AVONDALE — A developer is looking to tear down the sprawling Avondale building that once housed popular Polish nightclub Maryla Polonaise to build apartments in its place.
Developer Stanislaw Pluta needs a zoning change to build the complex at 3188-92 N. Milwaukee Ave. Pluta’s zoning attorney, Mark Kupiec, and architect John Hanna pitched about 20 neighbors on the proposal at a community meeting Thursday evening at Federico Elementary School, 3223 N. Springfield Ave.
Under the proposal, Pluta plans to tear down the long-vacant Maryla Polonaise building and replace it with a 36-unit modern apartment complex with ground-floor retail and 36 parking spaces. The apartments would each offer two bedrooms and rent for about $2,000 a month, according to Pluta and his team. Five of the apartments would be affordable housing units, as required by the city’s Affordable Requirements Ordinance.
The building directly north of the nightclub building would remain standing under the plan.
Kupiec said Pluta is aiming to make the Avondale stretch of Milwaukee Avenue more pedestrian friendly by including ground-floor retail.
“This stretch of Milwaukee [Avenue] is auto-centric,” Kupiec told neighbors at Thursday’s meeting, pointing to the area’s high concentration of drive-through businesses, including Taco Bell and PNC Bank.
Asked about Pluta’s ability to rent the apartments and make sure the retail storefronts don’t sit vacant, Kupiec said Pluta has seen success with other projects and that he’s originally from the area and “remembers when Maryla’s was still open.”
Maryla Polonaise opened in 1976 and went on to become one of the city’s hottest Polish nightclubs in the ’80s and early ’90s.
Czerwone Gitary, Skaldowie, Czerwono-Czarni and Kombi — the Polish equivalents of Jim Morrison, Jimi Hendrix, Elvis Presley and the Beatles — all played there. Renowned singers like Eleni Tzoka, Violeta Villas and Stan Borys also graced the Polonaise stage.
According to the Chicago Tribune, the club’s bright neon lights used to light up the intersection of Belmont and Milwaukee avenues. Inside, the club was decorated with mirrors and purple and pink neon; smoke, lasers and flashing lights filled the dance floor.
Daniel Pogorzelski, former executive director of the Greater Avondale Chamber of Commerce and local historian and journalist, described the Polonaise as “part of a distinct flowering of Polish arts and culture which took place here in Avondale’s Polish Village, a place where Poles could finally freely express themselves without worrying about incurring the wrath of government censors or political repression.”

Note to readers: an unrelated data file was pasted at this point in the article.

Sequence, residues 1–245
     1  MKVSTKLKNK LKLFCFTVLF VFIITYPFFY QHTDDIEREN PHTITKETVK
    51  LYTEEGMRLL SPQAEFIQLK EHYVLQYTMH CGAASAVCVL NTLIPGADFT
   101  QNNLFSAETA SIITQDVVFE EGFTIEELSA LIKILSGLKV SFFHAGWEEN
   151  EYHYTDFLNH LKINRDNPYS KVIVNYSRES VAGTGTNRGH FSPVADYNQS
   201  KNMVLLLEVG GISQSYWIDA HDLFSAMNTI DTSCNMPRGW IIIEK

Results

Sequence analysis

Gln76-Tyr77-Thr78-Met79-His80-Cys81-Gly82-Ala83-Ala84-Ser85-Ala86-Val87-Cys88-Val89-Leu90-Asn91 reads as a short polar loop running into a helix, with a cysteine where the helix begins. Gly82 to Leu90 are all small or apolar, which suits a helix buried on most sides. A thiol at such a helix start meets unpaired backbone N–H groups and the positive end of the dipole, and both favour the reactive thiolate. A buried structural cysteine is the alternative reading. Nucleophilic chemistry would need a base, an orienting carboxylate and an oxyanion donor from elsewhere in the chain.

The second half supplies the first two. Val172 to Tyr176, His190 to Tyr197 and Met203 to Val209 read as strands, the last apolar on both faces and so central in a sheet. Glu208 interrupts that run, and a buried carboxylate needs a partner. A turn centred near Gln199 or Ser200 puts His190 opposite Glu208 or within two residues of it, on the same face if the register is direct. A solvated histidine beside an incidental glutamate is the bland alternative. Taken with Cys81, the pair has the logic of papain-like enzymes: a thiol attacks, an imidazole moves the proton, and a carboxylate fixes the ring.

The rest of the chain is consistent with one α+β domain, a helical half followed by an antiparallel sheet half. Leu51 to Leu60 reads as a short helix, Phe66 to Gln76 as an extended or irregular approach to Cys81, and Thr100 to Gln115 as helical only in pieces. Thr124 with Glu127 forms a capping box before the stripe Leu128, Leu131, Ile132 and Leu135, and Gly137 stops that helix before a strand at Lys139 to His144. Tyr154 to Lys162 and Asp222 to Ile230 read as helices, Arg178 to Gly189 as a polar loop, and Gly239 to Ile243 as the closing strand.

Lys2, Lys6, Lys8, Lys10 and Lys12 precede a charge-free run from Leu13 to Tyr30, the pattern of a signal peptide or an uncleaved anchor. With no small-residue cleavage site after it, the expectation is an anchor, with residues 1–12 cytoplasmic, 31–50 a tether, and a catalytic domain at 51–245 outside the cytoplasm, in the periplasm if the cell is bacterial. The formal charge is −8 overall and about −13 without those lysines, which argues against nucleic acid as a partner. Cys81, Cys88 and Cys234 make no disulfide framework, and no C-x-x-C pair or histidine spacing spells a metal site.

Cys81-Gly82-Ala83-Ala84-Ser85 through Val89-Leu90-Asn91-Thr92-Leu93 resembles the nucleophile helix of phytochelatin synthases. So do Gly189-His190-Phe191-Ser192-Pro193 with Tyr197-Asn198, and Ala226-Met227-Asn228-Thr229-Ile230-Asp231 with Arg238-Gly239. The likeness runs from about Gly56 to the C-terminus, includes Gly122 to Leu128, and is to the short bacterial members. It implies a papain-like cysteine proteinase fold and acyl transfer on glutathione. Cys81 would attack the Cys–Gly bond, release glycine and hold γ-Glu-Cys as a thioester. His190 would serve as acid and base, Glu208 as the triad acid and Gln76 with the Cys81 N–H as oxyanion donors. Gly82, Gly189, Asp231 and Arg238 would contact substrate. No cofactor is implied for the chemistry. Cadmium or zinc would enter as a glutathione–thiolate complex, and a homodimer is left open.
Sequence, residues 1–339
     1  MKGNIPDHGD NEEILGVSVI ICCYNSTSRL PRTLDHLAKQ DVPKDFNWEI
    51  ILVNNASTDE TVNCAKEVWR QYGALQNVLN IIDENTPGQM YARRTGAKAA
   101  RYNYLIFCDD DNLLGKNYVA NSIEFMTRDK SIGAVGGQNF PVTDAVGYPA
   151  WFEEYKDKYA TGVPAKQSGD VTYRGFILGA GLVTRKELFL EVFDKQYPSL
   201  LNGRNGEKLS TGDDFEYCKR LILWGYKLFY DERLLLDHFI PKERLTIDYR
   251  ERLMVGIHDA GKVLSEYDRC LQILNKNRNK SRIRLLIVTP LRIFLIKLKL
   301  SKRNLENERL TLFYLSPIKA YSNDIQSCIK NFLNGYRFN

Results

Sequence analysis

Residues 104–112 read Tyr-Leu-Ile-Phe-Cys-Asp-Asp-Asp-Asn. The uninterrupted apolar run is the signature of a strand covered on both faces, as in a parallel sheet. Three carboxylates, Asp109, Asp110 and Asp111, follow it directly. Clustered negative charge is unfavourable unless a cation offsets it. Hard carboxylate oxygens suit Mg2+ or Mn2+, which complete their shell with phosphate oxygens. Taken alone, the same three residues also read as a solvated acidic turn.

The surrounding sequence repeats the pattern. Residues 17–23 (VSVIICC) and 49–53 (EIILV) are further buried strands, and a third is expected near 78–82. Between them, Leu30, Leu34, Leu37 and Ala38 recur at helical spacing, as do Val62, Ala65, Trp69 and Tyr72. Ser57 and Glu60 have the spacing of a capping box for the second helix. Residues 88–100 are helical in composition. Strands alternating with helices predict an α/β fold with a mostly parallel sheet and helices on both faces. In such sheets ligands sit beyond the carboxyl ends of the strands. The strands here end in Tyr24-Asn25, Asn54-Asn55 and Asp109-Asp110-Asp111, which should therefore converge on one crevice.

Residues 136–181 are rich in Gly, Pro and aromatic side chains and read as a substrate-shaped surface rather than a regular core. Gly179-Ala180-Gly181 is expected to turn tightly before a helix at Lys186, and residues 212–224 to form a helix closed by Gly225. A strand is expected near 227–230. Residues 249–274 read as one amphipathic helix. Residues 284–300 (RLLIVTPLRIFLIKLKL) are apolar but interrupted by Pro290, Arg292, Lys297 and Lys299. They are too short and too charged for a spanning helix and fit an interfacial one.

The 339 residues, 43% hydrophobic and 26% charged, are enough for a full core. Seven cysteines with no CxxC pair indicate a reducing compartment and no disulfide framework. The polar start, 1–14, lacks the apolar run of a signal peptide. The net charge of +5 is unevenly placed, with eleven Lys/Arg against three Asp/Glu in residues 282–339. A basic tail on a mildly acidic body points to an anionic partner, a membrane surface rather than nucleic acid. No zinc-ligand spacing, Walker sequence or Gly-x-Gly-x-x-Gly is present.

The nightclub closed years ago, though it’s unclear exactly when. Locals say it’s been closed for about 20 years. Owner Maryla Hawekotte didn’t immediately return a message seeking comment.
Pogorzelski noted a piece of Avondale’s history will be lost if Pluta tears down the nightclub building. In 2012, Pogorzelski and Hawekotte pushed for the building to be landmarked, though it is not architecturally significant.
“The intersection of Belmont and Milwaukee has been the heart of the Polish Village. After the recent demolition of the Slowik Building, it looks like another historic structure as well as its fascinating history will be no more,” he said.
Avondale is no longer the Polish hub it once was. Polish businesses are leaving the once-thriving Polish immigrant community.
A Polish TV and radio station that has called the corner of Belmont and Lawndale avenues home for more than 30 years will soon leave Avondale to make way for a condo building.
Red Apple Buffet, known for its wide array of cheap Polish food, closed earlier this summer. Pluta is redeveloping the site; he plans to build an apartment complex in its place. Not far away, Polish dive bar Mr. ZJ’s is being replaced by a new bar from the team behind The Owl and Estelle’s.
Ald. Ariel Reboyras (30th) hasn’t yet signed off on the zoning change that would allow Pluta to tear down the Maryla Polonaise building. The alderman’s staffer at Thursday’s meeting said the alderman wants to hear from the community before he makes a decision in about two weeks.
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